American Culture

China, Day Seven: The capital

Part seven in a series

If Shanghai was New York City, then Beijing is Los Angeles. The city sprawls over some nineteen thousand square kilometers—all of which is clouded in smog.

The heavy traffic, smog, and city sprawl make
Beijing feel like L.A.

Beijing lacks the glistening skyscrapers of glass and steel that proudly advertise Shanghai’s modernity. Instead of building up, Beijing has built out. The city radiates outward in a series of rings with beltways, called ring roads, circling around.

Smack dab in the middle, where a typical city center might rise skyward, sits the Forbidden City, the former palace of the emperor back in the days when China still had one.

In that regard, Beijing might be more like Washington, D.C. than L.A. The two metropolises were both planned cities.

In ancient times, ruling dynasties constructed temples and palaces following the principles of feng shui, which seeks to find harmony by balancing the natural flow of unseen forces. Palace gates and temples pointed in specific directions in order to facilitate the flow.

In modern times, as the growing city needed a growing infrastructure, the government constructed the ring roads to facilitate transportation.

Beijing and D.C. are also alike, of course, because they’re the seats of government. Both have long cultural histories.

But with all the smog in Beijing, it’s hard to shake the comparison to L.A.

“In all fairness to the Chinese,” one ex-patriot tells my group, “the environment is something that’s becoming more important.”

Beijing is home to roughly 17.7 million people, but again, as in Shanghai, it’s tough to get a firm count because of the large number of migrant workers.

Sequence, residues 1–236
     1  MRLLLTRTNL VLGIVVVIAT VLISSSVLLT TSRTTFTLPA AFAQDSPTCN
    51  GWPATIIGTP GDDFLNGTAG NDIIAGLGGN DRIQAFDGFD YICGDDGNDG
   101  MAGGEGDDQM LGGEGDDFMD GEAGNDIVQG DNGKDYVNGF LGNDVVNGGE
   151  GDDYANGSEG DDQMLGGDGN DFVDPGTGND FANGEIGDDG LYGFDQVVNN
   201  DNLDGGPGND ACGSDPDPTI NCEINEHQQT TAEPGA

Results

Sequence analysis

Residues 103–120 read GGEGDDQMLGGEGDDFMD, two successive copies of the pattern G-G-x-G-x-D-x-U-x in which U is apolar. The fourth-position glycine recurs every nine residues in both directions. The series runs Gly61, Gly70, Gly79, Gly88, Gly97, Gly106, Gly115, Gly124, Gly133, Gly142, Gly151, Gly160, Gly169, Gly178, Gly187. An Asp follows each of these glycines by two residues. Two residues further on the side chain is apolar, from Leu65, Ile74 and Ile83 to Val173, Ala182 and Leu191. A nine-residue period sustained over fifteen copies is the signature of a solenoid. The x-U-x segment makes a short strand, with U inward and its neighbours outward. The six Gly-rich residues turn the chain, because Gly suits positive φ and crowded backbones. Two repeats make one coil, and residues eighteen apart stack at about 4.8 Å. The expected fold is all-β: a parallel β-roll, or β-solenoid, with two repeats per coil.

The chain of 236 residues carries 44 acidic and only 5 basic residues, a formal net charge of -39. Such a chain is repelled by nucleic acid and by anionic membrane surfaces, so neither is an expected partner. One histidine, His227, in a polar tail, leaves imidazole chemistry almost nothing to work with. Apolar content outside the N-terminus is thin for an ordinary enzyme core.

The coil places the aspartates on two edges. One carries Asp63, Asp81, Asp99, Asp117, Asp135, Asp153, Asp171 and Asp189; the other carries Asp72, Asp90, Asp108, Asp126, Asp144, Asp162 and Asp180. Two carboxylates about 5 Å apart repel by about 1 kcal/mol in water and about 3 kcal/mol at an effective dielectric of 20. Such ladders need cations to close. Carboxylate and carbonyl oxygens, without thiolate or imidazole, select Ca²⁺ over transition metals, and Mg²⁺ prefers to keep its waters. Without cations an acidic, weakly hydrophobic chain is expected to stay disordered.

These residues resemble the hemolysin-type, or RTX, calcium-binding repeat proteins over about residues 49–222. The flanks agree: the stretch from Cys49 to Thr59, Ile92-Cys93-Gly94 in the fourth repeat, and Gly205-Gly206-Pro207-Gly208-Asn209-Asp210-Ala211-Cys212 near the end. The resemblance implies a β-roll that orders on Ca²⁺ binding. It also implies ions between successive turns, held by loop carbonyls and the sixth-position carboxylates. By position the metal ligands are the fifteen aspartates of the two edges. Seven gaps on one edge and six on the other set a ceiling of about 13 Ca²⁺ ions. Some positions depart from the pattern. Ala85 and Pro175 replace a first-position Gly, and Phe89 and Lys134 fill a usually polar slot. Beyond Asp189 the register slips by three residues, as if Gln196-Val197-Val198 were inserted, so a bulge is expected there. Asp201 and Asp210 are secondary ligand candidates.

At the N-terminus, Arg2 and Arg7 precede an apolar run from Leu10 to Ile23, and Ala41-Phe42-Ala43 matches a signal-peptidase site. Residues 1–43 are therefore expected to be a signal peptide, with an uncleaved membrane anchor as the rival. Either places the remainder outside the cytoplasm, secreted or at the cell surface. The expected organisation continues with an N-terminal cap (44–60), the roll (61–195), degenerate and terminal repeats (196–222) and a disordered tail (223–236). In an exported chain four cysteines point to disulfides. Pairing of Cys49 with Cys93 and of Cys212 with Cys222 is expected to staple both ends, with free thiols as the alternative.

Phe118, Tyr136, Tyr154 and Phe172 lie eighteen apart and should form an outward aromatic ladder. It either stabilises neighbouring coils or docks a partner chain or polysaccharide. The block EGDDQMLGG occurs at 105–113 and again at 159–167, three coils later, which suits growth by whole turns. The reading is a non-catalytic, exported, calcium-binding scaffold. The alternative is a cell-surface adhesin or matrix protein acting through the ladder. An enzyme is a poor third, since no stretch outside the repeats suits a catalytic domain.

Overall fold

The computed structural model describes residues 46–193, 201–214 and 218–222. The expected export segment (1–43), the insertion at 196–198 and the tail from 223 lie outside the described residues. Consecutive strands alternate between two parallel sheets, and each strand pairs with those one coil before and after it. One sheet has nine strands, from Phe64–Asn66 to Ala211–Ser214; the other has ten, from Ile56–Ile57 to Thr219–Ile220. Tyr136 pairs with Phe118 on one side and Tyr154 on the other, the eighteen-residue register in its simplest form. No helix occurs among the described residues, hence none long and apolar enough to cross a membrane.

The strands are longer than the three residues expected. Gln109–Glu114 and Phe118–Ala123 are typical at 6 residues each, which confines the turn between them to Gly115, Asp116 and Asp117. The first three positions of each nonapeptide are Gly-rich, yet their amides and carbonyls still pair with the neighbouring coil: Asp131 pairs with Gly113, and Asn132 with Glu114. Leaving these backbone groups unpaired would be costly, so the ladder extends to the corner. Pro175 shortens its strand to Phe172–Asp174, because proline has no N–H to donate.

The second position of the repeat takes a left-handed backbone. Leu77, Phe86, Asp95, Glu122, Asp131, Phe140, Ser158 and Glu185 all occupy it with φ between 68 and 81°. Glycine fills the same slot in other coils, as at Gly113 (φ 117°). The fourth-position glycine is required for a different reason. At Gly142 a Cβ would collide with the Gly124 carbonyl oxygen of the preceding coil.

It’s obvious as soon as we arrive in the city that China recently slapped a snappy coat of paint on everything not too long ago. When Beijing hosted the summer Olympics in 2008, the event served as a huge “coming out” party for China, so the country bent over backwards to put its best face forward. (If that seems convoluted, in many ways it was.)

The Birds Nest (left) and the Water Cube stand side-by-side in Beijing's Olympic Village.
The Birds Nest (left) and the Water Cube stand
side-by-side in Beijing’s Olympic Village.

We pass the Olympic village on our way into town. The Bird’s Nest, the stadium for track and field events, stands right beside the edge of North Fourth Ring Road. Just next to it stands The Cube, the swimming facility where Michael Phelps won all his gold medals. The National Indoor Arena stands nearby, too. All the buildings are open to visitors for only a few yuan.

The area around the buildings remains open as a public park, with wide walkways for strolling pedestrians. In-line skaters zip by in single-file lines of three and four, weaving through the crowd as necessary. Groundskeepers water the patches of lawn that fill the irregular shapes between intersecting sidewalks.

We’re in China under the gracious invitation of Beijing University, one of China’s premiere institutions. (Scuttlebutt is that BIT is where China developed its version of “The Bomb.” It also served as the site of the Olympic volleyball competition.) BIT is one of several major universities in the city, which serves as the countries major center for education, although other cities and provinces have universities of their own, too.

The BIT campus sits just a couple of blocks down from our hotel on Zhongguancun St. South. The Beijing Friendship Hotel is actually a gated hotel complex with twelve buildings, including shops, restaurants, a mini-supermarket, post office, and spa. The Soviets built the complex as one of many construction projects intended as acts of good will toward the Chinese government in the 1950s. In a city full of ugly Soviet architecture, the Friendship hotel stands out as a luxurious exception.